Stenor-Victorin (2000) regulated ovulation in rats with electro-acupuncture (EA). This study proved that EA inhibits the hyperactivity of the sympathetic nervous system. Chen (1997) showed that acupuncture normalized dysfunction of the hypothalamus- pituitary- ovarian (HPO) axis, and that EA may promote the activity of the body and senses sensitive mechanisms normalizing GnRH, LH, and estrogen.

The sympathetic nervous system (SNS) is one of three parts of the autonomic nervous system. It mobilizes the body’s resources under stress and is constantly active at a basal level to maintain homeostasis. It is responsible for the up and down regulating of many of the homeostatic mechanisms. Fibers from the SNS innervate almost every organ system from L-2 toT-2. It provides very diverse regulatory functions affecting the ovaries, adrenals, pancreas, liver, and the endocrine system. The longitudinal organizations of the meridians corresponding to L-2 to T2 help you understand why acupuncture is so effective in inhibiting this major nerve system. There is a correspondence between the SNS, segmental neural structures, the collateral vessels, and nodal pathways. The Kidney, Liver, Heart, and Brain (HPO) systems directly affect the SNS. This may partially explain why EA is so effective in treating PCOS. The ability to calm the SNS, and open up the flow of Qi and Blood through these acupuncture meridians, resolves pathology that Western medicine can’t yet comprehend.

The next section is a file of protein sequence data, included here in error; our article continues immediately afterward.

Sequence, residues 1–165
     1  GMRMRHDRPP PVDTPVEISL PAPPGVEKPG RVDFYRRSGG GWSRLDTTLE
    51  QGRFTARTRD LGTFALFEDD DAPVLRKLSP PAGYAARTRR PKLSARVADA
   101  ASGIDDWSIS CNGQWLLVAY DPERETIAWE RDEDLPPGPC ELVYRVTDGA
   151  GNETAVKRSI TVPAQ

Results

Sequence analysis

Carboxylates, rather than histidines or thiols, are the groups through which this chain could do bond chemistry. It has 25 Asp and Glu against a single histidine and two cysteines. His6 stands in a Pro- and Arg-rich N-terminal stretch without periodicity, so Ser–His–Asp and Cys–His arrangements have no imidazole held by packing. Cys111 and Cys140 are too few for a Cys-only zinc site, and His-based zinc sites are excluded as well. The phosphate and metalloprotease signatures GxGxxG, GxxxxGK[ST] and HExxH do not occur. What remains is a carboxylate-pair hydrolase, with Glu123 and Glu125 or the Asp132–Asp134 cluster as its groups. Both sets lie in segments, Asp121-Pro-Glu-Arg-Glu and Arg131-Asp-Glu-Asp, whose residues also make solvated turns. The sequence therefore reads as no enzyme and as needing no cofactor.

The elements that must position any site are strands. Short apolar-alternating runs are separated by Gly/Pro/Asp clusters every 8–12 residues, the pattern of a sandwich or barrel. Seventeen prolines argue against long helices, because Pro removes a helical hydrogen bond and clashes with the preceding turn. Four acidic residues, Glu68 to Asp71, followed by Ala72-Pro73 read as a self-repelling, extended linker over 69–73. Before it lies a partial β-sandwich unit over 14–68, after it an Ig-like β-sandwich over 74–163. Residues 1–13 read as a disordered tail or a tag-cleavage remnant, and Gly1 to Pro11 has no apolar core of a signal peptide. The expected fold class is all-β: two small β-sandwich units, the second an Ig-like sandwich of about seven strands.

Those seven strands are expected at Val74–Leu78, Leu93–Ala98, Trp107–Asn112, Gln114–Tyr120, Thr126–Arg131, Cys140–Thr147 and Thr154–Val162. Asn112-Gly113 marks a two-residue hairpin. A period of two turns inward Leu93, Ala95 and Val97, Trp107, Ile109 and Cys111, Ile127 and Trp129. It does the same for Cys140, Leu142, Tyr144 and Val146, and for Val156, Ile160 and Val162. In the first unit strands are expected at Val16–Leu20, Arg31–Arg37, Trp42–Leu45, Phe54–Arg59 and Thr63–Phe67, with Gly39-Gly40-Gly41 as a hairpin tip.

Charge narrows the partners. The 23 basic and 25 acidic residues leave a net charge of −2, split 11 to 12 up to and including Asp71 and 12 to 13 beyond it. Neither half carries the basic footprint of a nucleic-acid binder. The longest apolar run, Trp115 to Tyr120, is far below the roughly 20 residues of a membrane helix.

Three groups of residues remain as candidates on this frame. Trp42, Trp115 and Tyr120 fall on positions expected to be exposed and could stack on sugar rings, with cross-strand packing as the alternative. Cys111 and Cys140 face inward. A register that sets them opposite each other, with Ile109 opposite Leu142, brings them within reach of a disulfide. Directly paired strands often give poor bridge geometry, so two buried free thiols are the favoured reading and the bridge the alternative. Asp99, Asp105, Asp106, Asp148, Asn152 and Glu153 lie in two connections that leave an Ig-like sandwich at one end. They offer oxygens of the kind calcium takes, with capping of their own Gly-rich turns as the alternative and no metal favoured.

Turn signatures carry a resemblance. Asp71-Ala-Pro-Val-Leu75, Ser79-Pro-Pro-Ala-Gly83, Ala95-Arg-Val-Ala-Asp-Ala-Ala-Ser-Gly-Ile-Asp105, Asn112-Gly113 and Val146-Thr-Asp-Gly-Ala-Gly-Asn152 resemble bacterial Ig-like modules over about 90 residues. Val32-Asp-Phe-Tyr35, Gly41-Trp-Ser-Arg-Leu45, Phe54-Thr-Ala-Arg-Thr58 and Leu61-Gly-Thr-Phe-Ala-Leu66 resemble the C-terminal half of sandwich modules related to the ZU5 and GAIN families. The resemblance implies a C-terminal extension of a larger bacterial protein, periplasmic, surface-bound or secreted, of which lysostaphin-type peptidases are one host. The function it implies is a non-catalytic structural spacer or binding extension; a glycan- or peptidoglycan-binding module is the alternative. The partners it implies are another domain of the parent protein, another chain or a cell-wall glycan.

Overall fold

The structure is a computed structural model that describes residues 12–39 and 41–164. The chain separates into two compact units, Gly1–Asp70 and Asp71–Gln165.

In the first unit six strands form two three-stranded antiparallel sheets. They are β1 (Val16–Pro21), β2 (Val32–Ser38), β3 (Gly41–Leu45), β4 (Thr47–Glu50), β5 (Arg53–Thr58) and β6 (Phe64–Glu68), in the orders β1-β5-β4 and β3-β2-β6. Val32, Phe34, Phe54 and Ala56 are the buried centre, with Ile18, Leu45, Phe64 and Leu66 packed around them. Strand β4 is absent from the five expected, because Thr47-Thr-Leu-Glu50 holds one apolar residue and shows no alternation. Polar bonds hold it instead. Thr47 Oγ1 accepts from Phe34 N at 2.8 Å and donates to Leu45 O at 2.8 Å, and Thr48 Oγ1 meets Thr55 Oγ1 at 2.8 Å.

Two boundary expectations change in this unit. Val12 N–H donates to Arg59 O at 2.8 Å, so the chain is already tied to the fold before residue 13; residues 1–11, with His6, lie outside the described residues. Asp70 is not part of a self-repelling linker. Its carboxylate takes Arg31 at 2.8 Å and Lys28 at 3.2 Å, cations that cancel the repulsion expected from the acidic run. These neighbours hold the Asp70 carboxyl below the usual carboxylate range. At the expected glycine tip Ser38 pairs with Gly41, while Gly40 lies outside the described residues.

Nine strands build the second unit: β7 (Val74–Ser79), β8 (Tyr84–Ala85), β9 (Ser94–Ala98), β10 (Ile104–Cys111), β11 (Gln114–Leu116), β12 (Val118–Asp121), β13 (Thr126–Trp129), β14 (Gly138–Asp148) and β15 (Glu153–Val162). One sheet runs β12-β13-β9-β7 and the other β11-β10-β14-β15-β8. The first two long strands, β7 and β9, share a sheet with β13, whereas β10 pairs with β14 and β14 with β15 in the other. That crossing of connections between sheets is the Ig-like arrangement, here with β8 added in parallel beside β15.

Yoshimoto (1989) used the Chinese herbal formula, “Wen Jing Tang” in a combined gonadotropin therapy resulting in ovulation in 43.8% of cases without ovarian hyper- stimulation. Wen Jing Tang is a formula used in cases of Deficiency and Cold in the Conception and Penetrating vessels; with stasis, and slight yin deficiency. It countered the effects of the Western medications resulting in ovulation.

Useful Acupuncture Points

Lu 7 (R) and K6 (L) regulate the Ren, HPO axis, strengthen the Uterus and dissolve masses. SP 6 connects the three Yin channels (Liver, Kidney, Spleen). Du 4 is the “life gate” equated with the womb and useful in treating leucorrhea. Sp 9 is the water point on the Spleen channel. These points treat Kidney Yang deficiency leading to phlegm dampness.
Lu 7 and Ki 6 are also used for Blood stasis, in that they open the Ren and control water balance. St 29, Sp10, and UB 17 are useful for all Blood issues. Lv 14 treats stagnant Qi.


Cai, X. (1997). Substitution of acupuncture for HCG in ovulation induction. Journal of Traditional Chinese Medicine, 17(2), 119-121.
Chen, B. Y. (1997). Acupuncture normalizes dysfunction of hypothalamic-pituitary-ovarian axis. Acupuncture & Electro-therapeutics Resources. International Journal, 22(2), 97-108.

Stener-Victorin, E., Lundeberg, T., Waldenstrom, U., Manni, L., Aloe, L., Gunnarsson, S., et al. (2000). Effects of electro-acupuncture on nerve growth factor and ovarian morphology in rats with experimentally induced polycystic ovaries. Biology of Reproduction, 63, 1497-1503.

Stener-Victorin, E., Waldenstrom, U., Anderson, S., & Wikland, M. (1996). Reduction of blood flow impedance in the uterine arteries of infertile women with electro-acupuncture. Human Reproduction, 11, 1314-1317.

Yoshimoto, Y., Miyake, A., Tasaka, K., Aono, T., & Tanizawa, O. (1989). Ovulation following combined therapy with wen-jing-tang and clomiphene citrate therapy in anovulatory women. American Journal of Chinese Medicine, 17, 243-244.

Author's Bio: 

Dr. Albertson is the author of “Acupuncture and Chinese Herbal Medicine for Women’s Health: Bridging the Gap Between Western and Eastern Medicine.”
In private practice for over 15 years, she is available for interviews, consultation and speaking engagements. Dr. Albertson holds a PhD in Holistic Nutrition as well as state and national licenses in Acupuncture and Chinese Herbal medicine. Irvine, CA.